by Alma Flor Ada and F. Isabel Campoy
illustrated by David Diaz
There are many great Latino children’s literature books on the market today, but because we are a diverse community, only a handful of them are what I consider must-have books that every Latino family’s home library should absolutely include. And it probably comes as no surprise that the writing team of Alma Flor Ada and F. Isabel Campoy have more than one title in this short list.
In August, I received a review copy of Yes! We Are Latinos. It took me less than five minutes to realize that it was going to be included in our HHM: Festival of Books Children’s Reading List.
There are not many books that truly reflect the diversity of our community. Our identity is inextricably bound with our culture…or cultures. In fact, many Hispanics here in the U.S. come by their heritage through more than one country. I myself am the daughter of a Spaniard and a Mexican-American, and was born in Texas. As such, I have strong, passionate feelings about all three cultures. My body involuntarily moves to the sound of Spanish flamenco, while my mouth waters at the thought of fresh tamales, and my mind enjoys listening to good ol’ cowboy poetry.
So I was eager to read Yes! We Are Latinos to my children…and they were engaged from the beginning. The book is a collection of 12 narrative poems, each one describing a snippet of time from the lives of 13 Latino children who come by their heritage in different ways. Here’s a glimpse of the 13 characters featured in these poems and how they come by their Latino heritage:
- Juanita is a Mexican living in New York.
- Mónica is from El Salvador and lives in Houston.
- José Miguel is Cuban and Nicaraguan. He lives in Tampa.
- Puertorriqueña Gladys is growing up in Philadelphia.
- In Detroit, we’ll read about Santiago. He’s Dominican.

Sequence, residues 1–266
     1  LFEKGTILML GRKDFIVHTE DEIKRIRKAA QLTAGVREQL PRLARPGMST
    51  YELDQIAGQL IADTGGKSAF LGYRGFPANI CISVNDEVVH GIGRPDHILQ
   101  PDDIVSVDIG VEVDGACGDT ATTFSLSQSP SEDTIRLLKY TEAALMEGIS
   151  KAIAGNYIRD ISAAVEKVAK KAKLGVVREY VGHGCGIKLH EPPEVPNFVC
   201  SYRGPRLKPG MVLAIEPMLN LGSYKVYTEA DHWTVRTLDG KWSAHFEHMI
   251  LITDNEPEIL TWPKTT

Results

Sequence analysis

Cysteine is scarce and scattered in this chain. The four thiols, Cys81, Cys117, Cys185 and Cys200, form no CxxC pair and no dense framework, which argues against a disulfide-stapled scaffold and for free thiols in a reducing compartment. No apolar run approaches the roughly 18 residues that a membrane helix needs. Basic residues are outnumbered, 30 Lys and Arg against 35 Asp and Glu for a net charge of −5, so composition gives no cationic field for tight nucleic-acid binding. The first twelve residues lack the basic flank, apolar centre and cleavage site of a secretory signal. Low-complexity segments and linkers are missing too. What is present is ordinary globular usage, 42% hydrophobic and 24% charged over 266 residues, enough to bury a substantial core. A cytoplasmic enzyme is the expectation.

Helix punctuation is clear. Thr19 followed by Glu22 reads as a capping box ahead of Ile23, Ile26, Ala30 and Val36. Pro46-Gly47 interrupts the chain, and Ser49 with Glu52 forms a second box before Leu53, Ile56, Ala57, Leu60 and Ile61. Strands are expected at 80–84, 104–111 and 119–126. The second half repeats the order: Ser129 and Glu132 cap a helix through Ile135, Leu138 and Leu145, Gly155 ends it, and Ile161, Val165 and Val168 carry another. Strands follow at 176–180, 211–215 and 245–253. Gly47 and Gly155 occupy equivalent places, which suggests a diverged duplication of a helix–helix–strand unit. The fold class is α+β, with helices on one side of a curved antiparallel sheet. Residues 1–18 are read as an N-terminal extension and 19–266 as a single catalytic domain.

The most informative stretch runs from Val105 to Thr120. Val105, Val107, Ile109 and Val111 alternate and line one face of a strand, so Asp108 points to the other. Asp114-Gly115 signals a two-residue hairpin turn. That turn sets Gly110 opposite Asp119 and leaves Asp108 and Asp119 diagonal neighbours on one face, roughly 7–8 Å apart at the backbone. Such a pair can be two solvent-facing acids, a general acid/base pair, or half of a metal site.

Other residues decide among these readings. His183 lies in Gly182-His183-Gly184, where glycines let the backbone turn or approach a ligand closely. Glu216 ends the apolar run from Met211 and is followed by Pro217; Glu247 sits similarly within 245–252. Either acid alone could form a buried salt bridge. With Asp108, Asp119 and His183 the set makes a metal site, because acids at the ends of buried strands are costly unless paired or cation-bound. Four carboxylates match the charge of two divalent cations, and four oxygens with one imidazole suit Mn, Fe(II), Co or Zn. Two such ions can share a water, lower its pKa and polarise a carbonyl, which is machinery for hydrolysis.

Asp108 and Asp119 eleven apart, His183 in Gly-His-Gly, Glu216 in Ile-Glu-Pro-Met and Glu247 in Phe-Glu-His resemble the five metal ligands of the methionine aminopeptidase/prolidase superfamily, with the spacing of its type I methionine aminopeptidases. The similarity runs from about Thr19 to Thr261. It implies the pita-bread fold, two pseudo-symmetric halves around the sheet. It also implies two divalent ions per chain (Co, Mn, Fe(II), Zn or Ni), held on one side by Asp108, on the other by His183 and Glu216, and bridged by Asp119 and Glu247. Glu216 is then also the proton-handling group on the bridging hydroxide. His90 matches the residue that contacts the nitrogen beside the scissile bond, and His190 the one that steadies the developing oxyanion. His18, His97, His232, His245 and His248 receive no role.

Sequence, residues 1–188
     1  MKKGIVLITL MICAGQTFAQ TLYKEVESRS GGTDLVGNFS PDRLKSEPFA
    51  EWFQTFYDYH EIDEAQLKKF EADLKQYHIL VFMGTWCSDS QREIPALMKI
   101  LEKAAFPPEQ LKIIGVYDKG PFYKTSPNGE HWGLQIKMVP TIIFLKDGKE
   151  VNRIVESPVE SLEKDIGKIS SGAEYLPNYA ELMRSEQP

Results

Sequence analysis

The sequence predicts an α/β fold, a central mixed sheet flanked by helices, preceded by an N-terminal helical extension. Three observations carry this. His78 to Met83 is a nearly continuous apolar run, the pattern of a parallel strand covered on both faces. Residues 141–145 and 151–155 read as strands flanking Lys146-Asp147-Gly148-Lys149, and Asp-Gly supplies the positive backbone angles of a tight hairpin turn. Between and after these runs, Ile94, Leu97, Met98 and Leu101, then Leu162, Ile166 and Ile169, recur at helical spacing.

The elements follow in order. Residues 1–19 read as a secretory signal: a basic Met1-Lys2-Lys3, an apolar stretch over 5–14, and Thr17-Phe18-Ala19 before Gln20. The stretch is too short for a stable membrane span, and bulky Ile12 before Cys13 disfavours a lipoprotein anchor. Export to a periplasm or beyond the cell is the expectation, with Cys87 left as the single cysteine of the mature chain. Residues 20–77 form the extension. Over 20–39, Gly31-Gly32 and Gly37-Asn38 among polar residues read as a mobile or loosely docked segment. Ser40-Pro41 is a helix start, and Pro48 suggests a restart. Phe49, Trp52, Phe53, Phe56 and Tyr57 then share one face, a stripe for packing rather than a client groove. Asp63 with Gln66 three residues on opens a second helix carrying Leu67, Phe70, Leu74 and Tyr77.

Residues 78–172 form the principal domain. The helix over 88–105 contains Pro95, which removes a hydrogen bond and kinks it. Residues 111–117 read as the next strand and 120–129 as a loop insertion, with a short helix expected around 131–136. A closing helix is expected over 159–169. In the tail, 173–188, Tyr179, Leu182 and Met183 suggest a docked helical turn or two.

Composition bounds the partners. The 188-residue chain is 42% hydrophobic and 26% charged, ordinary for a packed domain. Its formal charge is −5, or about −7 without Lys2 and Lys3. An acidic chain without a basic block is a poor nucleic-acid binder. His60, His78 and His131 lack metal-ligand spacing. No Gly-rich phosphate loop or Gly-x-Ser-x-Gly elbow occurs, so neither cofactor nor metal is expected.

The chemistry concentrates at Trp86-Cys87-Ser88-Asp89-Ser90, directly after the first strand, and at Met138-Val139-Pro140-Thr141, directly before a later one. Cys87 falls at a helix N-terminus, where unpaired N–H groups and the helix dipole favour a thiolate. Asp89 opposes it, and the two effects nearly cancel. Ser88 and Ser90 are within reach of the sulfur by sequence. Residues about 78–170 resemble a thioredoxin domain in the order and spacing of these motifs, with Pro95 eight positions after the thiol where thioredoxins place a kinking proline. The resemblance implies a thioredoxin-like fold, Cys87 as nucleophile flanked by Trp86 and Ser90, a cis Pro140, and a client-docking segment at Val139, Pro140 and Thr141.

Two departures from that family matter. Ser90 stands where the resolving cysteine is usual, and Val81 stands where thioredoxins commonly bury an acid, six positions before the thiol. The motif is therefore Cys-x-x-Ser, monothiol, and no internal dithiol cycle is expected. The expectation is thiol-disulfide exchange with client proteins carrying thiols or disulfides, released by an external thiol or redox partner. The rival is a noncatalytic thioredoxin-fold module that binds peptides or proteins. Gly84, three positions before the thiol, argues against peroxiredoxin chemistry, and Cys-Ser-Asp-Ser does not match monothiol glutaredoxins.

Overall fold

- Sultana (or Susana) is a Sephardic Jew being raised in San Francisco.
- Julio is a Zapotec growing up in Stockton.
- Felipe is a black Panamanian and Venezuelan boy living in Chicago.
- Rocio is a Spaniard in Boston.
- Lili lives in Los Angeles. She is Guatemalan and Chinese.
- Michiko also lives in L.A., and is of Peruvian and Japanese decent.
- Andrés resides in Miami. He’s both Colombian and Ecuadorian.
- And finally, there is Román from New Mexico, who is Hispanic and Native American.
Ah. Perhaps you see now why this is such an amazing book.
But there’s more. Because after each child’s story, there is a short nonfiction section to accompany their story and explain historical points such as the Ladino language and cultural identity of the Sephardic Jews, the Chinese and Japanese presence in Latin America, the Spanish Civil War, African roots, and even Latino immigration to the U.S. to name a few.
This book is rich in information and a teacher’s dream. But parents, too, will love reading aloud the short poems to their children and then discussing their stories. For a children’s book, Yes! We Are Latinos packs quite a punch as it is filled with many talking points and learning opportunities. It is a high-quality book for Latino families.
Though it is not a picture book, Diaz’s interspersed silhouette illustrations add a nice touch and help create the mental image that inevitably accompanies the text.
Ada and Campoy’s book is sure to engage young readers of all backgrounds, though it is sure to be of special interest to children of Latino heritage.
Bravo, once again, to two Latina authors who perfectly capture the Latino American experience.